Captain Robert Falcon Scott was in command of the expedition organised by the Royal Geographical Society and the Royal Society to the Antarctic.
The expedition was to explore the South Victoria Land and the ice barrier which had been discovered back in 1841 by James Ross, and to extend further into the Antarctic continent.
The ill-fated British Antarctic Expedition, led by Captain Scott of the Royal Navy, sailed from Cardiff in the Terra Nova (a whaling ship) on June 15, 1910.
Financed by the Chancellor of the Exchequer, David Lloyd-George and from Cardiff businessmen, their goal became simple to beat the rest of the world to the South Pole. As Scott, said in The Times, 12 September 1910
…the main object of the expedition is to reach the South Pole for the Empire…’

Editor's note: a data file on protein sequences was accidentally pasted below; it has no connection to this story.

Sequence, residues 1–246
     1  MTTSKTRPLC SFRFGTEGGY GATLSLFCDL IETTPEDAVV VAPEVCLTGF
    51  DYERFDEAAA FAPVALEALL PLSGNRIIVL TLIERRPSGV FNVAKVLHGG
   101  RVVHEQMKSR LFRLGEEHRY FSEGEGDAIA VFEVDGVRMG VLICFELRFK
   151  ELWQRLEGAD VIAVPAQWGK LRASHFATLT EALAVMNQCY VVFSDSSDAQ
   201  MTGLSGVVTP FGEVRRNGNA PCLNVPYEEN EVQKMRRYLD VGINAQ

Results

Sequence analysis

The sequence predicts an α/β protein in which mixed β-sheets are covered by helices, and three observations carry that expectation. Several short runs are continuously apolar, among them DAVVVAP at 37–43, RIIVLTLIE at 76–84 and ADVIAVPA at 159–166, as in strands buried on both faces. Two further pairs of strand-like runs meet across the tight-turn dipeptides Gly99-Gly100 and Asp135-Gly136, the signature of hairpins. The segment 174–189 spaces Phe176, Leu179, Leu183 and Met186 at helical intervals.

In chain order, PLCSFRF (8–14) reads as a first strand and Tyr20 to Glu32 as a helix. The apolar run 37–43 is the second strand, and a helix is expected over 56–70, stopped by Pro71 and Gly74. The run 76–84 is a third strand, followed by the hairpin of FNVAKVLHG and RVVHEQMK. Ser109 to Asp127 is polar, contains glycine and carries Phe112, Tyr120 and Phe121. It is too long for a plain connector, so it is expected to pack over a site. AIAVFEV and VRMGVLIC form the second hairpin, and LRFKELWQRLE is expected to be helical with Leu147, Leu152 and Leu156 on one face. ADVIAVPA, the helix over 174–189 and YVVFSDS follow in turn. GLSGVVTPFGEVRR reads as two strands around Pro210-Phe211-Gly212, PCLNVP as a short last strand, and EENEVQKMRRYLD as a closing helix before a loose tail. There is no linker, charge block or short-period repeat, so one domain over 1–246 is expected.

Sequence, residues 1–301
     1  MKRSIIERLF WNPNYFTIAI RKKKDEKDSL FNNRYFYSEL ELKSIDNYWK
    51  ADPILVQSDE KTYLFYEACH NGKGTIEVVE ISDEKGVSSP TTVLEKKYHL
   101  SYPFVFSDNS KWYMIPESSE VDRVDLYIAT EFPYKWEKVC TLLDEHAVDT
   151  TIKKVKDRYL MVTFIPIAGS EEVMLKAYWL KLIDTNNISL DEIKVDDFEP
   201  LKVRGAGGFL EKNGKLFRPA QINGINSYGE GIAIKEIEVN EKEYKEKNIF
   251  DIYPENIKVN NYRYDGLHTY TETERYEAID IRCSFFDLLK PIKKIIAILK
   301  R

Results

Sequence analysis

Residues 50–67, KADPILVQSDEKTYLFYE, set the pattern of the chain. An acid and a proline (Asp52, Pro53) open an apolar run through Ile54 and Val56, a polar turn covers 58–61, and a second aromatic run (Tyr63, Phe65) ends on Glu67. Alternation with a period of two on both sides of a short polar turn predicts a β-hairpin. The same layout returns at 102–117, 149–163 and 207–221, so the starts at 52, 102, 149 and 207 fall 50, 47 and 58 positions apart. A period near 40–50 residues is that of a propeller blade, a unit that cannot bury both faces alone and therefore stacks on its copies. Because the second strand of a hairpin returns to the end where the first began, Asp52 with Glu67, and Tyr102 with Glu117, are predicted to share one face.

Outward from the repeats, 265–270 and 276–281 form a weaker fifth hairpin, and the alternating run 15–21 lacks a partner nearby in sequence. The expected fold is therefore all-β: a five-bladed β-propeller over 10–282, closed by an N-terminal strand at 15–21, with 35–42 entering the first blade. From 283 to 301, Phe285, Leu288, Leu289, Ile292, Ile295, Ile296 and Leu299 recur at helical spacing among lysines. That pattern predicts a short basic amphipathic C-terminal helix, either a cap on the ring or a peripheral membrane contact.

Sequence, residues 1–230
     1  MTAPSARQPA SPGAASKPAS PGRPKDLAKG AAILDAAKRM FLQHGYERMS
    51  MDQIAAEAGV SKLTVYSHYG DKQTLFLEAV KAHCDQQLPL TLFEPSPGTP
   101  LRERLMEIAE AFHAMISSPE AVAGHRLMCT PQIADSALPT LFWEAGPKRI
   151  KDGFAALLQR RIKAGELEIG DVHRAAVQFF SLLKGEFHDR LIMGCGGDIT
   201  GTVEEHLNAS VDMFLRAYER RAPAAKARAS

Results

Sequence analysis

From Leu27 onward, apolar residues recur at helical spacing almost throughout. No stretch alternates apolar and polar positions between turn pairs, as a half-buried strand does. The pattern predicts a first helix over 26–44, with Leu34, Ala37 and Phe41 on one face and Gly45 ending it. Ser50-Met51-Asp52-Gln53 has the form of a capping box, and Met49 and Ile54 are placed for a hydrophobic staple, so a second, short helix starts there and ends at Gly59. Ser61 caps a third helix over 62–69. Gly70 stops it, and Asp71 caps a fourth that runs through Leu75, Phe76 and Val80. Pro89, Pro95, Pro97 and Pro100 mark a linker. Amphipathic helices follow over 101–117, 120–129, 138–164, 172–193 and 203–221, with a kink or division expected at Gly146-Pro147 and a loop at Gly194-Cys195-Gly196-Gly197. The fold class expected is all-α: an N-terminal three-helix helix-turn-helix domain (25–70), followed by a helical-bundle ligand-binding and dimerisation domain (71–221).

This sounds simple but Antarctica, containing three-quarters of the world’s snow and ice, is the coldest, most inhospitable place on Earth. They had no radios, mobile phones or aeroplanes to rescue them.
Two previous expeditions, Scott’s in 1901-4 and Shackleton’s in 1907-9, had only managed to get
within 95 miles of the Pole.
The Terra Nova arrived at the ice-clogged waters of Antarctica‘s McMurdo Sound on 5th January 1911.
That January the expedition set up camp at CapeEvans, in McMurdo Sound, and 25 men spent the winter there. They undertook scientific experiments and explored around the Ross Sea.